By JIM ZBICK
Just as there are numerous online and telephone scams going on today, persons living in the early 20th century also had to be wary of fraudulent print advertisements.
One century ago, a scam involving a phony matchmaking/marriage service originated from a residence on Lafayette Street in Tamaqua. Because the perpetrator, known as Mollie, used the mails to solicit money, federal authorities got involved in her case.
The Tamaqua Courier described Mollie as "a lovesick maiden of about 35 who operated a matrimonial bureau on a very elaborate scale." In the two years, she was able to scam over 200 customers – mostly in the West – of over $2,000.
A reporter stated that she was able to "fleece unsuspecting men of sums of money, ranging from $5 to $150."
To begin the scheme, Mollie took an advertisement out in the Golden Seal Matrimonial Agency publication, a predecessor to today's dating/matchmaking services. She supplied her information in a section called the Select Club. It stated:
"Perfect health. Kind and loving disposition, American Lutheran, age 36, weight 122, height 60 inches, brown eyes, light complexion, will inherit, common school education, dress stylish, like country life best; write and learn more. Object, matrimony."
When first contacted by mail, Mollie would first ask for money so she could send her candidate a photograph. She would tell the prospective suitor that she did not send her photo to everyone but to those she felt would "prize it."
A reporter described her "screening" method.
"A remittance of $5 would indicate that the applicant would know how to appreciate a good-looking, home-loving wife when married," he said.
The reporter said Mollie was no great beauty herself, so instead of sending her own picture, she sent one of another woman "who was blessed with greater personal charm."
"Miss (Mollie) did not get her share of good looks when the supply was issued," he explained.
After receiving the $5 for the photo, and sending him the bogus photo of another woman, Mollie then took the next step by stating that she was "perfectly willing to share his lot in this world."
She explained that in order to make the trip to meet him, she needed money for travel fare. After the money was received, she usually ended the correspondence right there unless she felt there was an opportunity to squeeze more money from the candidate.
In another deceptive ploy, she told her "man" that she was heiress to a fortune worth $40,000 but that she was involved in a lawsuit to try and get her share of the estate. Before traveling to meet him, she first needed $150 to pay off her lawyer.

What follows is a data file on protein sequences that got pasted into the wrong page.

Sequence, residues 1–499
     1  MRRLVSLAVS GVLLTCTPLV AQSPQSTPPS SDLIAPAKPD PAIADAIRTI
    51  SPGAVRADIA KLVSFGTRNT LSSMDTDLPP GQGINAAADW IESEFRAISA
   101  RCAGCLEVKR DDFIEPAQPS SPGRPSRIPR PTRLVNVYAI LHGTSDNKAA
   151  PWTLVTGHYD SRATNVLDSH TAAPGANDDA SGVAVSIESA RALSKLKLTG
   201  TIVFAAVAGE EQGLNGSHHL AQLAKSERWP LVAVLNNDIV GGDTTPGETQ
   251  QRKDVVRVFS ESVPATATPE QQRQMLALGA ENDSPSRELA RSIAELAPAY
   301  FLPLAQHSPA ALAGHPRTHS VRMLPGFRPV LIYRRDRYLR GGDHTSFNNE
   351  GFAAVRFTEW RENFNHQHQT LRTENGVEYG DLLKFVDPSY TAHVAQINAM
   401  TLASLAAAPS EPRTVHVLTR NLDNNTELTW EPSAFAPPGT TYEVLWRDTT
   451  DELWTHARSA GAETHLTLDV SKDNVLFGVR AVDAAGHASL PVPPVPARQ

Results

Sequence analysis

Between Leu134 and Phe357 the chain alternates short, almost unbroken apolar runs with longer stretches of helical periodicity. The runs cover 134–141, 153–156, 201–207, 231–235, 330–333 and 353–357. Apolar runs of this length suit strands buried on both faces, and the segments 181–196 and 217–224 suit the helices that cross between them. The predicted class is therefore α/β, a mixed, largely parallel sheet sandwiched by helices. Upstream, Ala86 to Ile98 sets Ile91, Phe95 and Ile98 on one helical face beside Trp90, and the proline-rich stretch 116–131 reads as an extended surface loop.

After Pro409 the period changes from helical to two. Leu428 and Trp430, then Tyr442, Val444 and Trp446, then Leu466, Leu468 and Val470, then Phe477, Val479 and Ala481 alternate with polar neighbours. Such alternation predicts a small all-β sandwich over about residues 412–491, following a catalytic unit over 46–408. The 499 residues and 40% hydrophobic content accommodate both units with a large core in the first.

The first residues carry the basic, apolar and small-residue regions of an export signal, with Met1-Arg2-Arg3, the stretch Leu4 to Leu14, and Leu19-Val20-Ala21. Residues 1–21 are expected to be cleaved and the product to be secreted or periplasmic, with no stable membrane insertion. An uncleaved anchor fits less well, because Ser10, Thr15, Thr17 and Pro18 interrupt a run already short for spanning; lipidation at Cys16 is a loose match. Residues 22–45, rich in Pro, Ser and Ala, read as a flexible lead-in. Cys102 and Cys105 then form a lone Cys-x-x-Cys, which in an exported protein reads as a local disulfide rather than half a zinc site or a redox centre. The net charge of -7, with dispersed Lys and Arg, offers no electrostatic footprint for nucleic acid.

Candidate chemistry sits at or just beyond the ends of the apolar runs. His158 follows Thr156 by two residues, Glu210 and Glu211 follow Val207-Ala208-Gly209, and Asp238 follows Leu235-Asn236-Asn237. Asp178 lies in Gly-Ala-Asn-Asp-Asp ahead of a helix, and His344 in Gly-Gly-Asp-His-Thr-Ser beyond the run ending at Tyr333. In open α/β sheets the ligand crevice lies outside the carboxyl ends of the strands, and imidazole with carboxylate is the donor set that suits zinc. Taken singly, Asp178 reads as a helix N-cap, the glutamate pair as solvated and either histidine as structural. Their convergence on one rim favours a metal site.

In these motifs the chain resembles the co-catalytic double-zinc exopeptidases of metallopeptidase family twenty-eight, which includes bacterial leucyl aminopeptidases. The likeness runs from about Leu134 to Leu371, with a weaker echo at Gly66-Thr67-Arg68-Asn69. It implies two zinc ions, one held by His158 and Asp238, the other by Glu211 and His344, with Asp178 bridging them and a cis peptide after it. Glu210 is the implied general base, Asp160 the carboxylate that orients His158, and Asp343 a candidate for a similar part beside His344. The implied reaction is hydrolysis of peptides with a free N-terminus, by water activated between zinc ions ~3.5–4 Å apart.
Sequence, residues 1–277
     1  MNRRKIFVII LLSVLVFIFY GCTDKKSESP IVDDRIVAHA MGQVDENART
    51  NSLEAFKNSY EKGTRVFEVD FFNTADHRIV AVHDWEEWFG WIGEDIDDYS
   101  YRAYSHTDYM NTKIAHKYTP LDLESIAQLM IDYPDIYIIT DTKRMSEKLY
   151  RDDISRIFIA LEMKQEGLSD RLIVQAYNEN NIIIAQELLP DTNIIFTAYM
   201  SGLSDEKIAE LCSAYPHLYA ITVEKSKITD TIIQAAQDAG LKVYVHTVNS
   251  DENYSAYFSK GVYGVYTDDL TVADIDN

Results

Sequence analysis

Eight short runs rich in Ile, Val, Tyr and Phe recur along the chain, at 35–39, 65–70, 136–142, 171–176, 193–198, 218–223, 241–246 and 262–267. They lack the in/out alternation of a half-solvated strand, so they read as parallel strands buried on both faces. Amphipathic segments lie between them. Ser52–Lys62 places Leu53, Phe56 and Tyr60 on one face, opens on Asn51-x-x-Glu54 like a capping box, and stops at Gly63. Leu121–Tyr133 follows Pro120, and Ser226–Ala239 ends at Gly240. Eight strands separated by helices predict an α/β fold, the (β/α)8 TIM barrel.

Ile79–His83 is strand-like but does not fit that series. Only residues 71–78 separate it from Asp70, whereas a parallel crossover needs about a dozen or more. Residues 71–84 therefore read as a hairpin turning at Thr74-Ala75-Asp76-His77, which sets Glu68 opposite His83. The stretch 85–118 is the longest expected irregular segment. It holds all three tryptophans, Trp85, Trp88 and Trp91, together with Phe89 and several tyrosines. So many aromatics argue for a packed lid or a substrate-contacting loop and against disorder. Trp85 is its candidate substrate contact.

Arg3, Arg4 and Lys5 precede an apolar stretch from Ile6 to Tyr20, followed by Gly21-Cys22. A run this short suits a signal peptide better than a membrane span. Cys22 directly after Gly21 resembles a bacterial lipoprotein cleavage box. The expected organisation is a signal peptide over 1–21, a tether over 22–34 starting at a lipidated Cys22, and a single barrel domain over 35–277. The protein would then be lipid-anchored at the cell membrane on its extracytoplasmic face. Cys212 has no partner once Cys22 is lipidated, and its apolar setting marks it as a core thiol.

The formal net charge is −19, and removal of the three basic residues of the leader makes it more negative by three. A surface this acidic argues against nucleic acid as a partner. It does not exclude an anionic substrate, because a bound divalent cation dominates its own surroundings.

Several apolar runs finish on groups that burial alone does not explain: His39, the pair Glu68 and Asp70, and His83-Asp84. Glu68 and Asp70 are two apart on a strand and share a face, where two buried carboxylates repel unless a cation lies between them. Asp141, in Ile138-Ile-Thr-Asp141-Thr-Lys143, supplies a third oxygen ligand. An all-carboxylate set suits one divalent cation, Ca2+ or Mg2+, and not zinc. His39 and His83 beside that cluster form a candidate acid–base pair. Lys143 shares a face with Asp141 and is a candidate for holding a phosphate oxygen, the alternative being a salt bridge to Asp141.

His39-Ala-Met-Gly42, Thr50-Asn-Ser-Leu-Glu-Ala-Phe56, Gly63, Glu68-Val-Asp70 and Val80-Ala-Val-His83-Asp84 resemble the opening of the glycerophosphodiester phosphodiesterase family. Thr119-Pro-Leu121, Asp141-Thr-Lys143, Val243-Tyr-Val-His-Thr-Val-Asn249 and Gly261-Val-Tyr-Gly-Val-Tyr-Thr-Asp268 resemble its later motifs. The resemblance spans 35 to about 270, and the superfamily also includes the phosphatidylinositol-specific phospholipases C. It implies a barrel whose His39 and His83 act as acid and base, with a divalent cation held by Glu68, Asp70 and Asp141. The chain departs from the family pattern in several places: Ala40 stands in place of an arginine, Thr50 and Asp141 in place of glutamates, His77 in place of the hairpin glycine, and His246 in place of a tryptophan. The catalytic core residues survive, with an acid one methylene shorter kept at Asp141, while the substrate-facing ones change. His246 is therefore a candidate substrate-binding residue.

In her letters, Mollie made sure she never failed to tell her would-be husbands of her vital statistics or what the Courier described as her "superb form."
Mollie's scam was uncovered by Tamaqua Police Chief George Hahn in January 1910 after he received a complaint from a Minnesota man who had sent Molly $200. She first told the man that she had become seriously ill the day she was to begin her trip to meet him, and that the travel money he had sent was used to pay off a doctor bill.
This aroused suspicion in the man, and he asked Hahn to supply any information he had on Molly. Hahn then turned the case over to the post office inspector in Pottsville.
After her arrest, Molly was taken to the local post office and interrogated. Before being taken to Pottsville for a hearing, she was permitted to go home to pick up some clothes. On the way to her home, however, she was overheard saying that "she would end it all when she got there." Fearing she would attempt suicide, the marshal took her back to the post office until a train arrived.
At her federal trial in Philadelphia in March, some of the letters Molly wrote to her suitors were presented as evidence. One correspondence, written on a post card and enclosed in an envelope, was addressed to a J. S. Loupnik in Iowa. She told him that her trunk had been hocked for a boarding bill and that she needed $40 to get it out.
This was her plea for money:
Please send me the money at once as I am in love with you and darling, you know it. I need the money for my trunks. Send $40 so that I can come. Just think of those two darlings on the other side. By by. answer at once."
On the other side of the card was a picture of a man and woman embracing beneath the shelter of an umbrella, with the inscription: "If the umbrella could only talk."
Molly was found guilty of five different fraud counts in federal court, which could have earned her 7 1/2 years in prison if sentenced to the full extent. However, thanks to the pleas of her defense attorney, the judge handed her a very light sentence of 60 days in prison.
Mollie was sent to Moyamensing prison which was located in South Philadelphia. After its opening in 1835, the prison housed some famous inmates, including the famous American author Edgar Allan Poe, who was detained for one night in the prison in 1849 for public drunkenness.
The women's wing, where Molly called home for two months, was added in 1868.